Sealing of the Servants of God

SYNOPSIS:  God’s servants are now sealed, numbered, and assembled for their journey to the Promised Land, New JerusalemRevelation 7:1-8

Israel in the Wilderness
The seventh chapter of the book of Revelation appears to interrupt the sequence of seal openings between the sixth and seventh seals. However, this “interlude” or interruption is an integral part of the series of seven seal openings and it follows a literary pattern established in Chapter 5.

The “sealing of God’s servants” includes several verbal links back to the unveiling of the Lamb in the vision of the throne and the Sealed Scroll (Revelation 5:6-14). Chapter 7 is comprised of four sections:
  1. The sealing of God’s servants (Revelation 7:1-3).
  2. The numbering of the sealed (7:4-8).
  3. The vision of an innumerable multitude (7:9-12).
  4. The interpretation of the innumerable multitude (7:14-17).
In Chapter 7, the same group is portrayed with two different images:  the tribes of Israel assembled for travel and the innumerable multitude that John sees exiting the “great tribulation.” In the end, the full number of the saints is found “standing before the Lamb and the Throne” in the new creation. The fifth and sixth seal openings asked two questions that are addressed in this section:
  1. How long must the martyrs wait for vindication?
  2. Who can stand before the wrath of the Lamb?
The sealing of the servants of God borrows imagery from the Exodus story of Israel. The full number of martyrs is assembled for the march to the real Promised Land, New Jerusalem. The vision of the innumerable multitude presents overcoming saints who now “stand” before the Lamb in that Promised Land, having faithfully endured the tribulation.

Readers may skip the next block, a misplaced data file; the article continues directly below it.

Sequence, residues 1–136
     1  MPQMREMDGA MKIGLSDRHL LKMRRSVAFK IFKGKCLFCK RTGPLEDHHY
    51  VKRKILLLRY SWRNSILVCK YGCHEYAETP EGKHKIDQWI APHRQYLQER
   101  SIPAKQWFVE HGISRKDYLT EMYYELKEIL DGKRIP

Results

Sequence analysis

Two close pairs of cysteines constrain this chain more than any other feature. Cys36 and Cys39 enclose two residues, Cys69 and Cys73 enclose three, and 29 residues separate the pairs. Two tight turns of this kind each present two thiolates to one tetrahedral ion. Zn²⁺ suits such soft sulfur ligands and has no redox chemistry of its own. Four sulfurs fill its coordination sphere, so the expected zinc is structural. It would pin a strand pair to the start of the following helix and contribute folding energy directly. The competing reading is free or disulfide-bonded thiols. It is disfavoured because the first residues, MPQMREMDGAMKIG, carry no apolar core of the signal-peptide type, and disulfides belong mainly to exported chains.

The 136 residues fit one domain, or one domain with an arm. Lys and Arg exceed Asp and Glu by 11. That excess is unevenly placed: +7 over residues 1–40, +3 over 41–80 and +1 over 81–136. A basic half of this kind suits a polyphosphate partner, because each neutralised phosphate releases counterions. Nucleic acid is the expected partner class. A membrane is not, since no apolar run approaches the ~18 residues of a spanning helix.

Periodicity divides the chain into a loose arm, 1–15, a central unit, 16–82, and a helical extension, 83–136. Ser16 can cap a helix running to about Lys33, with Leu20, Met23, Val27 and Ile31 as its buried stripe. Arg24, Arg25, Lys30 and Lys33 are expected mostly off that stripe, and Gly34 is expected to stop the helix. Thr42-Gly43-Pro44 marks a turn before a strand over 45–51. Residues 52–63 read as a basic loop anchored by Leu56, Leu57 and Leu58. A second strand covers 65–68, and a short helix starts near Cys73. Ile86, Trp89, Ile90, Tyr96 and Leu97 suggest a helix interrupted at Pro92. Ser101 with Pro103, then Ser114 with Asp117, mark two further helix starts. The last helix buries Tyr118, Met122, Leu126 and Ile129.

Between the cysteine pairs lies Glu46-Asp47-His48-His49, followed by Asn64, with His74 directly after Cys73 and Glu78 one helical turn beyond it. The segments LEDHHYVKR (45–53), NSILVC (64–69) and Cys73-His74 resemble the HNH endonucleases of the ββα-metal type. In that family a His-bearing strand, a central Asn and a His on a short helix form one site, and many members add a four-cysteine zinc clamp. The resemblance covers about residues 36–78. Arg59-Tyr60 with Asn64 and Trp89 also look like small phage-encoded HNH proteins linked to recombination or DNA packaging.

The Four Winds (7:1-3)

After this I saw four angels standing at the four corners of the earth holding fast the four winds of the earth.” After this” refers to the sequence in which John received the vision, not the chronology of actual events. This paragraph cannot follow the sixth seal chronologically since the opening of the sixth seal produced the day of the Lord and the time of final judgment.

John now sees four angels holding back the “four winds of the earth,” a clause that alludes to Zechariah 6:1-5, “Behold, four chariots came forward from between two mountains…the first with red horses, second with black horses, the third with white horses, the fourth chariot with spotted horses…These are the four winds of heaven.”

The “four winds” are identical with the four riders unleashed when the first four seals were opened. They were given” authority “to injure the earth and the sea,” the same verb used for the powers granted to each of the four riders (Revelation 6:1-8).